Background: Vascular endothelium represents a complex network of cells producing a large number of active substrates affecting physiologic, metabolic, and immunologic properties of the whole organism, as well as particular organs or tissues. The potential influence of endothelium-derived paracrine factors on prostate cancer progression has only begun to be examined.
Methods: This review summarizes recent literature on endothelium-derived factors, including vasoactive agents, peptide growth factors, cytokines, and colony-stimulating factors, involved in the development and progression of prostate cancer.
Results: Endothelial cells produce an array of active substrates, many of which have been shown to influence prostate cancer growth. Available data demonstrate the positive impact of such molecules as endothelin-1, basic FGF, TGF-beta, IL-6, and IL-8 on prostate cancer progression. Many other endothelium-derived factors NO, IGF, PDGF, IL-1, G-CSF, and GM-CSF (Nitric Oxide, Insulin-Like Growth Factor, Platelet-Derived Growth Factor, Interleukin-1, Granulocyte Colony Stimulating Factor, and Granulocyte-Macrophage Colony Stimulating Factor) are, at best, implicated in prostate cancer growth, and in most cases support cancer progression.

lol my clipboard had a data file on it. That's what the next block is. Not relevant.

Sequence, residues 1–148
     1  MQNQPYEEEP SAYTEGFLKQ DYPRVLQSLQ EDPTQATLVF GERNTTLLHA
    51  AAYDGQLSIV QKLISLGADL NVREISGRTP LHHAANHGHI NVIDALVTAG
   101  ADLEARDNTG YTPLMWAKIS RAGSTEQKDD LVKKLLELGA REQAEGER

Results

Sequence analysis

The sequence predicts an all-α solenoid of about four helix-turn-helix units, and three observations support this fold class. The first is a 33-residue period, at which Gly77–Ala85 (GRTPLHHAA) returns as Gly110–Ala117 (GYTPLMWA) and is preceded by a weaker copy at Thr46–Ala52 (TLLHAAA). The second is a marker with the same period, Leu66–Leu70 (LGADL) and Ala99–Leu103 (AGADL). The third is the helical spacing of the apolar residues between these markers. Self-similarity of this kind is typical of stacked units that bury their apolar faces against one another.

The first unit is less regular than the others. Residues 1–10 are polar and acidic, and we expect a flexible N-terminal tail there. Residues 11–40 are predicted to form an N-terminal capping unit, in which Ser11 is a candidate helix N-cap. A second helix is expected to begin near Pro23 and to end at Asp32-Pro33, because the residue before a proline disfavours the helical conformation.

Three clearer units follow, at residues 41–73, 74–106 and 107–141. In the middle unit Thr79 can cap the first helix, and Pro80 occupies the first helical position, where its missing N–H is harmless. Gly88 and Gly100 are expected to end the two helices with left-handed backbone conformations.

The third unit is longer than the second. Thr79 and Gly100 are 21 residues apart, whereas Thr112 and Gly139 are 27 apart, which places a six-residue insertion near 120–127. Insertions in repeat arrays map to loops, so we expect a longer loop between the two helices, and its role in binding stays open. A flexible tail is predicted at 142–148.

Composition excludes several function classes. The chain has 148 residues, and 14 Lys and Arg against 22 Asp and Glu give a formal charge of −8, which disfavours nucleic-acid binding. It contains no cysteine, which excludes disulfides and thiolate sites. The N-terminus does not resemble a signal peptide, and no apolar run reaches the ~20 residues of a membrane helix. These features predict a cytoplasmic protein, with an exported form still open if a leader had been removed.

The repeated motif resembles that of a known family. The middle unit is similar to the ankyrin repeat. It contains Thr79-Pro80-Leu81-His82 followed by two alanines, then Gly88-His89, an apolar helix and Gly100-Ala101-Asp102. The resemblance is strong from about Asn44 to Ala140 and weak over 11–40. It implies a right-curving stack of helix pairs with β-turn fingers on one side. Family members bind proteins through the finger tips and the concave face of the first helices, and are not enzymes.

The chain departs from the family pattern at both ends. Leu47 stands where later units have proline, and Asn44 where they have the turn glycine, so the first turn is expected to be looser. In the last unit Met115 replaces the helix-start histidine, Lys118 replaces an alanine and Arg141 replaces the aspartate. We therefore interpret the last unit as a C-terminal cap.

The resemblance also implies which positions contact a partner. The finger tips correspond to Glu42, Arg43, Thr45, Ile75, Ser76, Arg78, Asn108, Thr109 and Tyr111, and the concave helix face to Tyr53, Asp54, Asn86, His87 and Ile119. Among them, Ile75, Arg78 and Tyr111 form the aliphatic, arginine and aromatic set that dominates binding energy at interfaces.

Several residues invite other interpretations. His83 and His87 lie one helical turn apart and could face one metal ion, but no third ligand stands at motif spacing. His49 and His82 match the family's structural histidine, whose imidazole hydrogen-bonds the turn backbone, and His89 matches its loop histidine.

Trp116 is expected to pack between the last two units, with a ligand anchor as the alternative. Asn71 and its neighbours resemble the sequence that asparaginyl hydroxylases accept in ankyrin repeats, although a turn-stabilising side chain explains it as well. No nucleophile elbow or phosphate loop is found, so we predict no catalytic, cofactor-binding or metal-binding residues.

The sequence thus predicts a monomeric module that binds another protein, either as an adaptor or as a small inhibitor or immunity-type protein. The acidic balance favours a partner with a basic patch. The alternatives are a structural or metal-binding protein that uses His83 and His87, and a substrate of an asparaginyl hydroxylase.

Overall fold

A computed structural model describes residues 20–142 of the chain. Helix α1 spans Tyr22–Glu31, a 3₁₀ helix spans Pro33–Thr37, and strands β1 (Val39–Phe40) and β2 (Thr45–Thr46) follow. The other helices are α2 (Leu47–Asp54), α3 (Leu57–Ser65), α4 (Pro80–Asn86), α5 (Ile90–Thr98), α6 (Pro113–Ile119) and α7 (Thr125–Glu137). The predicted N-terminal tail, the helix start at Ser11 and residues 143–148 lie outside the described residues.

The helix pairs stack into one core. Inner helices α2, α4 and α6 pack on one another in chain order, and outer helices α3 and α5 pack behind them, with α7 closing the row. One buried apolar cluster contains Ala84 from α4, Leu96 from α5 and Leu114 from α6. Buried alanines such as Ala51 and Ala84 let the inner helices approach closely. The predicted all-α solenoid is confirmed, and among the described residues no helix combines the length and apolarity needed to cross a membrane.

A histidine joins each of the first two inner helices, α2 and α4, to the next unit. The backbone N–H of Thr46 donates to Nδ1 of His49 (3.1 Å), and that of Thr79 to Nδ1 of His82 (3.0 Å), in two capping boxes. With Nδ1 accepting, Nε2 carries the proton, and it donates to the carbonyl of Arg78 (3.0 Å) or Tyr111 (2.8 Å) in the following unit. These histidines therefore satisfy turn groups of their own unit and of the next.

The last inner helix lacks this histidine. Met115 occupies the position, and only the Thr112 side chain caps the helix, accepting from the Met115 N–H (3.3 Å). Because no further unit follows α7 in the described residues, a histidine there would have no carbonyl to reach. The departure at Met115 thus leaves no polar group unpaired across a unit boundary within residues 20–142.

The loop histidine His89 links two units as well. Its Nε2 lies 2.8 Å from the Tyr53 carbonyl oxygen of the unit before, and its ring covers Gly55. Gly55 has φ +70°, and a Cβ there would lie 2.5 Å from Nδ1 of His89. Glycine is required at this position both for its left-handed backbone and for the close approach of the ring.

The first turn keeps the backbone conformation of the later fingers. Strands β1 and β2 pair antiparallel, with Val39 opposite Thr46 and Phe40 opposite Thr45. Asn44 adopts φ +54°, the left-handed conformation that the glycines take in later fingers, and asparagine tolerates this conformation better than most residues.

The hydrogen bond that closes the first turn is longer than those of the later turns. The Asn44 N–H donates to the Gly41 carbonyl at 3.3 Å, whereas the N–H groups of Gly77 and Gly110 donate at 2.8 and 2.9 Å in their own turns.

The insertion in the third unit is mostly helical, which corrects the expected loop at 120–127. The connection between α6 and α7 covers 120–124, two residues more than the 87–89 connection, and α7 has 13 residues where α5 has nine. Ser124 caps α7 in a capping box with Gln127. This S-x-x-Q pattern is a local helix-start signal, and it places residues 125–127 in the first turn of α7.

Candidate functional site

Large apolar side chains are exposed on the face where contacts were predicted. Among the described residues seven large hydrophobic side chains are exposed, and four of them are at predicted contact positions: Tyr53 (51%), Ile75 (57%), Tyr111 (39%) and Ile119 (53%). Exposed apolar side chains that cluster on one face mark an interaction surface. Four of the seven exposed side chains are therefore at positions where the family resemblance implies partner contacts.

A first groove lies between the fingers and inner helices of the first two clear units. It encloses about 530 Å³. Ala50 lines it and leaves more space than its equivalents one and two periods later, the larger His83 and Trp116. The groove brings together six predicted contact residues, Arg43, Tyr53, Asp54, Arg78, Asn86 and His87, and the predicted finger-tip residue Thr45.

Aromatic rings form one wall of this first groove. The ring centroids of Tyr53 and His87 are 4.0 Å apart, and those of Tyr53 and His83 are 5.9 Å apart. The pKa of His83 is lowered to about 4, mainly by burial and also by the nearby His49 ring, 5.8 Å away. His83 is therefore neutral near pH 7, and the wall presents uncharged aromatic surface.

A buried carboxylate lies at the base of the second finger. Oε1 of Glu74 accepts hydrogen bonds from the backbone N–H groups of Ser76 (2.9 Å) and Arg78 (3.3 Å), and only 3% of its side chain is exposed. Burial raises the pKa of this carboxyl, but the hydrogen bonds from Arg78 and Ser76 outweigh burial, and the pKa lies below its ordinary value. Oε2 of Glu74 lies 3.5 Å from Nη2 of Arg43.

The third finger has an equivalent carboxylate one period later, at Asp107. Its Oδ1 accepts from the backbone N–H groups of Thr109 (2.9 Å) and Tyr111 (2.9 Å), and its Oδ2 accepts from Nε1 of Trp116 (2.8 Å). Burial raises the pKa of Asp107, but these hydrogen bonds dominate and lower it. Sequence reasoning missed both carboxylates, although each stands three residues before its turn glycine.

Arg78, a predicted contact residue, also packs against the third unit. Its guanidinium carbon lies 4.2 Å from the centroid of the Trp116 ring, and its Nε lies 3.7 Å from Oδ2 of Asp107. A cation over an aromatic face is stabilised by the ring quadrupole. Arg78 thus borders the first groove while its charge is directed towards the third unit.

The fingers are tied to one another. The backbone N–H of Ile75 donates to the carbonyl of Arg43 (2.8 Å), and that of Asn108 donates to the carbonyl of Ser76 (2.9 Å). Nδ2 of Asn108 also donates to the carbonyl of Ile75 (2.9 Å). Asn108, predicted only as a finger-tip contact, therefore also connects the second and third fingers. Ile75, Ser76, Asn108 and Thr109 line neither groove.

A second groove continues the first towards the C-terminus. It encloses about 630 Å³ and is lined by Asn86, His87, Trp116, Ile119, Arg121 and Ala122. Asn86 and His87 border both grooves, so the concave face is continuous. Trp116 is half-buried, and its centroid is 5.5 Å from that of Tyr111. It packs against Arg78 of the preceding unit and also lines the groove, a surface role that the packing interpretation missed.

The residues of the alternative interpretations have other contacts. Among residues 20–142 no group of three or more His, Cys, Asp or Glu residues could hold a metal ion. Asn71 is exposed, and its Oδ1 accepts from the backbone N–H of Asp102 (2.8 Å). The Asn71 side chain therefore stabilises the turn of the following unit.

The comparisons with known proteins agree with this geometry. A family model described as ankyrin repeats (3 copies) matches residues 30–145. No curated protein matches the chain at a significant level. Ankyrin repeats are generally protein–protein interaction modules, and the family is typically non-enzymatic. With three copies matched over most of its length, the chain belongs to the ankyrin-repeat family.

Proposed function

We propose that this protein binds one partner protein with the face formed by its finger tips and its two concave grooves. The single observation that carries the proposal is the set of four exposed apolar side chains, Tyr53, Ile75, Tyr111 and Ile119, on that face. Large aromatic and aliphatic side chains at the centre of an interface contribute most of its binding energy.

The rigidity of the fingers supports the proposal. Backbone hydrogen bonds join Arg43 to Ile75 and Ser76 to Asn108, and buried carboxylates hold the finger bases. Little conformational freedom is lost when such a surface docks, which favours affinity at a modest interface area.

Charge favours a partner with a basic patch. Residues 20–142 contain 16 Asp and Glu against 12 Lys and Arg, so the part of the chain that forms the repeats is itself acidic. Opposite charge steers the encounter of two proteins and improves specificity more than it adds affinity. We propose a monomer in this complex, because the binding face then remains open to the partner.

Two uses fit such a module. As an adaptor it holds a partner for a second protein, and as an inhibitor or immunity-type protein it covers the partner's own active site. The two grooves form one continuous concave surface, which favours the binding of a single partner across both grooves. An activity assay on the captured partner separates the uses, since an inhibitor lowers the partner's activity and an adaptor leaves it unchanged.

Conclusions: A better understanding of endothelium-derived factors, as paracrine mediators of prostate carcinogenesis and progression, should aid in the development of novel therapeutic strategies.
Copyright 2000 Wiley-Liss, Inc.